Two or three times a year, the coconut boy comes around to harvest the coconuts. This year he was delayed as there has been so much rain it has left the palm trunks slippery.
There are six coconut palms (Cocos nucifera) in our garden here and they all have a ‘loverly bunch’ on them. Two of the trees are King Coconut, a variety of large yellow nut found in Sri Lanka.
They are full of liquid and used for drinking. The fluid has even been injected into veins when saline was not available in hospitals during WWII.
The boy arrived, actually a middle aged, lithe, fit man. He ties his ankle together with a cloth, turns the soles of his feet inward and grips the trunk. Then he hoists himself up by his arms and brings his legs up after him. It takes just a few seconds to get up the tree.
Then the coconuts begin raining down; thud, thud, thud. Some bounce and roll down the bank. In all we harvested 36. Ira, the cook, is very happy as she gets to take some home.
Coconut is an important crop in the tropics.
The husk is fibrous and called coir. It is used for rope making, mats, caulking for boats, filling mattresses and as potting compound.
The ‘shell’ we are familiar with burns well and is used for making charcoal. It is also a useful container for fluids.
During Perahera, the elephant festival, men carry iron baskets filled with shells on poles. The shells burn to produce light. Each elephant has a man on the lookout for dropped burning shell. If an elephant were to tread on one, the festival could get really exciting.
The white endocarp inside is edible and called copra when dried. It has many culinary uses, not just to fill Bounty bars. It also produces coconut milk and butter which are the bases for many cosmetics.
My wife Brenda has a coconut grinder which gets the flesh out from the shell in a grated form. Mix this with various spices and it forms Sambol, a favourite Sri Lanka food.
Coconut trees need 6-10 years to get going then they produce 30-75 nuts a year. Strictly speaking they are not nuts but drupes. The botanical aficionados will know that palm trees have not learned how to grow branches, nor do they separate the xylem from the phloem in the trunks.
The trunks are straight and useful for structural purposes. Some people let the husk begin to germinate and then eat the ‘sprout’ inside the shell. Some take the apical sprout for a salad ‘heart of the palm’ but that kills the plant.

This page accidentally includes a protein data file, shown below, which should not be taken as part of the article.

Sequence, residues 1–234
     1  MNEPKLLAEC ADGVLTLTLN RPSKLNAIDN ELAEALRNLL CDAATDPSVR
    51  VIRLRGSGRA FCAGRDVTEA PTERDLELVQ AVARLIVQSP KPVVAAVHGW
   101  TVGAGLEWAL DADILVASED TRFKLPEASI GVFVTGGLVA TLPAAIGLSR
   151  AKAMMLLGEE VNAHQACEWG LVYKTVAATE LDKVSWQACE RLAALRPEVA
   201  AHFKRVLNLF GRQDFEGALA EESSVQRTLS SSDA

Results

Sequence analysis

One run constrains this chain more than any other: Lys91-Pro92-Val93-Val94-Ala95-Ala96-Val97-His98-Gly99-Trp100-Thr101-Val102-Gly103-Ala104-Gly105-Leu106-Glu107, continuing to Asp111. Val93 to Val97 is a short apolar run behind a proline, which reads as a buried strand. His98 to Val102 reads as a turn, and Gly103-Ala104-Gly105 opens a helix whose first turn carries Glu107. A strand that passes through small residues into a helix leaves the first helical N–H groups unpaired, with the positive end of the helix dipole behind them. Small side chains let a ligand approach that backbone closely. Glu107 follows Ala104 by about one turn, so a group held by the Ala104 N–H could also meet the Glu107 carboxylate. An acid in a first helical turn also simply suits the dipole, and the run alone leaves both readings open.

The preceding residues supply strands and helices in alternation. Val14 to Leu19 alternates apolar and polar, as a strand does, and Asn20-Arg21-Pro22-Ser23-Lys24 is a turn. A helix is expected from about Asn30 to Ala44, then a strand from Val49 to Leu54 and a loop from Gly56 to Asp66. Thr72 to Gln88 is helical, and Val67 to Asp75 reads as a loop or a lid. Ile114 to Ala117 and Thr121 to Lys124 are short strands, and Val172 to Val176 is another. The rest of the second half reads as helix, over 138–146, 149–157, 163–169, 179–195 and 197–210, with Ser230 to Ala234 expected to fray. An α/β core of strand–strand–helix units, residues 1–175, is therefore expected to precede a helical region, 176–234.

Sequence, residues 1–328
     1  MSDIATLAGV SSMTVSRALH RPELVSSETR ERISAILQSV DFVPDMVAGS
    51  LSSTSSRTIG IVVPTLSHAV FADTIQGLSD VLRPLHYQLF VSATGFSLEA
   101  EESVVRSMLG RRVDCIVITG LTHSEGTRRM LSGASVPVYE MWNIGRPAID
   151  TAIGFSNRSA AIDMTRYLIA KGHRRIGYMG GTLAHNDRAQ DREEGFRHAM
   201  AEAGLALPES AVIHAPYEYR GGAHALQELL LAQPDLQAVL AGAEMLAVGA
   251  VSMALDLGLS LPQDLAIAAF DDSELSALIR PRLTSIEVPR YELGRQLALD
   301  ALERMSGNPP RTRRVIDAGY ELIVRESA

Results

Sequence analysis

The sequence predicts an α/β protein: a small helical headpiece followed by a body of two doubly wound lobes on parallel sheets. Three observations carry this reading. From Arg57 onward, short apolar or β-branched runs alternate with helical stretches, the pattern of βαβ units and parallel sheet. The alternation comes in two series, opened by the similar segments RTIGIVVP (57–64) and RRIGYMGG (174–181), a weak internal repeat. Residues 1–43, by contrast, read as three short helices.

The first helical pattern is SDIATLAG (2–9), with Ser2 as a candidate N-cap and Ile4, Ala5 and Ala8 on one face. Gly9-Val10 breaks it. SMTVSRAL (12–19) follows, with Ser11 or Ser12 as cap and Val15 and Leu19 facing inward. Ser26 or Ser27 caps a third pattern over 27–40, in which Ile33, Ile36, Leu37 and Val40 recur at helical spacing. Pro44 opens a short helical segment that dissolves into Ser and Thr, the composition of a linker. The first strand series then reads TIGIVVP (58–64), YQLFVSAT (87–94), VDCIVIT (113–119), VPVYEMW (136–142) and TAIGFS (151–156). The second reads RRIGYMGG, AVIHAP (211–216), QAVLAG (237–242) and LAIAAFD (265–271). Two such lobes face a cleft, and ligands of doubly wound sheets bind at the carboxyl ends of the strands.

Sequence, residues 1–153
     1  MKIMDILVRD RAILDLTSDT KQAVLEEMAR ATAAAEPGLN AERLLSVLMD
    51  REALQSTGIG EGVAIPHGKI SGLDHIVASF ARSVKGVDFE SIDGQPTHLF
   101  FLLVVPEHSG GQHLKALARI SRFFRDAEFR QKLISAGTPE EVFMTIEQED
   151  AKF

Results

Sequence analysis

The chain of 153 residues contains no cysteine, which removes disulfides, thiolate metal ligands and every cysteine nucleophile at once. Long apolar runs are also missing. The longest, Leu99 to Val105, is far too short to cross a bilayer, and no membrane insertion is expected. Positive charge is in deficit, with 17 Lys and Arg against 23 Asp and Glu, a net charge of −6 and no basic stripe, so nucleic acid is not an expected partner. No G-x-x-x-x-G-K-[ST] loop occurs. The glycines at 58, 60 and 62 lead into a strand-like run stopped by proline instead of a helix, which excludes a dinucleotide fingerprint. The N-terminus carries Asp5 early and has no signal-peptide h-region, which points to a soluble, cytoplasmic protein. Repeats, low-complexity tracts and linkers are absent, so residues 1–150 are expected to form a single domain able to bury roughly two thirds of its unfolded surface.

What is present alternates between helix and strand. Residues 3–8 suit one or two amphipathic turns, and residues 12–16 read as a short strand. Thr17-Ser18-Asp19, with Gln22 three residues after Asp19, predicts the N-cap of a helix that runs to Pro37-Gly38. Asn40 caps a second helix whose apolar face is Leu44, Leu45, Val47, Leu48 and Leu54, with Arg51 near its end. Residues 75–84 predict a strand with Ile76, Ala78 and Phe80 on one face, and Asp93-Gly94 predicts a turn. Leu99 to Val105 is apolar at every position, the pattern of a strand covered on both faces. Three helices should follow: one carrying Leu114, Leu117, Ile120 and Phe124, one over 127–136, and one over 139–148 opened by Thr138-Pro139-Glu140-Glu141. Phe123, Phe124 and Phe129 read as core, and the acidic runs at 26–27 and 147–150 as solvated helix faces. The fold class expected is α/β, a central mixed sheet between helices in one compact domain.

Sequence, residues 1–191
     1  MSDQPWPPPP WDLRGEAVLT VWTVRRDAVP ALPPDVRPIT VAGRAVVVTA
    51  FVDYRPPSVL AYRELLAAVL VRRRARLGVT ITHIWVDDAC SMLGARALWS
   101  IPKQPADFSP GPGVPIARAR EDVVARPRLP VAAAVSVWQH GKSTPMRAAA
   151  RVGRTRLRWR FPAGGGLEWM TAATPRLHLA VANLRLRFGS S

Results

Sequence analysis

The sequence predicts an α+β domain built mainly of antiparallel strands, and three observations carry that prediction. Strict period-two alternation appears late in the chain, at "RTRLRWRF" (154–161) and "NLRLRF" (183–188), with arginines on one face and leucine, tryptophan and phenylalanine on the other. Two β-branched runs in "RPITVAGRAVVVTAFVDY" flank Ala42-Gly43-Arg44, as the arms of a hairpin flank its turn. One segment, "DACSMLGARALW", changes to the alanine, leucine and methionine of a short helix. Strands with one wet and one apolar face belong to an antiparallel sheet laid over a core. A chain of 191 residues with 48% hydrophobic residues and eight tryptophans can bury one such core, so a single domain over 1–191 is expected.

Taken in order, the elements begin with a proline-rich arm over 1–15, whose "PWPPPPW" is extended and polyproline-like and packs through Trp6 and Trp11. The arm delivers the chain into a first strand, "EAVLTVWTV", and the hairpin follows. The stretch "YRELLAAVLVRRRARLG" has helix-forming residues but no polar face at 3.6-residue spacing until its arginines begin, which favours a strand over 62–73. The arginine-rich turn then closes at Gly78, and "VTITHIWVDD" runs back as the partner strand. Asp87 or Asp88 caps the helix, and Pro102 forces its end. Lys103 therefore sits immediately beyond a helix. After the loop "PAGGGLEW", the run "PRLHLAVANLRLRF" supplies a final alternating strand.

The roots are shallow and fibrous and grow throughout the life of the tree. Rarely is a palm tree uprooted in a hurricane. Toothbrushes can be made from roots and brooms from the fronds.
Then there is the business of tapping the sap from the flower. A tree will produce up to 8 gallons of sap a week. This can be fermented to make Toddy. Toddy can be distilled to make Arrack. Alternatively, the sap can be boiled down to a syrup, Kithul or treacle, or further reduced to leave sugar known as Juggery. Our standard breakfast is banana, buffalo curd and kithul. Sometimes we add a few cornflakes but a £6 a packet we have to be careful.
There seems no end to the inventiveness of what to do with a coconut palm.
Cocos nucifera needs a warm wet climate. It cannot survive frost. I am sorry but we cannot have them in our gardens in UK.
Post Series: Dispatches from Sri Lanka, by Mike Sedgwick:
- A Loverly Bunch of Coconuts
- Agricultural Restaurant in Sri Lanka
- Back to Sri Lanka
- Bats and Hallowe’en
- Dispatches From Sri Lanka
- Kandy Lake vs Chandler’s Ford Lakes
- Self-Employment In Sri Lanka
- Sri Lankan Wedding
- Sri Lankan Food
- There’s Some Corner Of A Foreign Field
- The Cultural Triangle of Sri Lanka
- This Is the Record Of John
- Tuk-tuk: My Transport Of Delight
- Life On The Road
- Commonwealth Games In Kandy
- A Temple For A Tooth?
- Dawn Train Down The Mountain To Colombo
- Traditional And Modern Medicine in Sri Lanka
- Ancient Vedda Tribe Becoming Extinct
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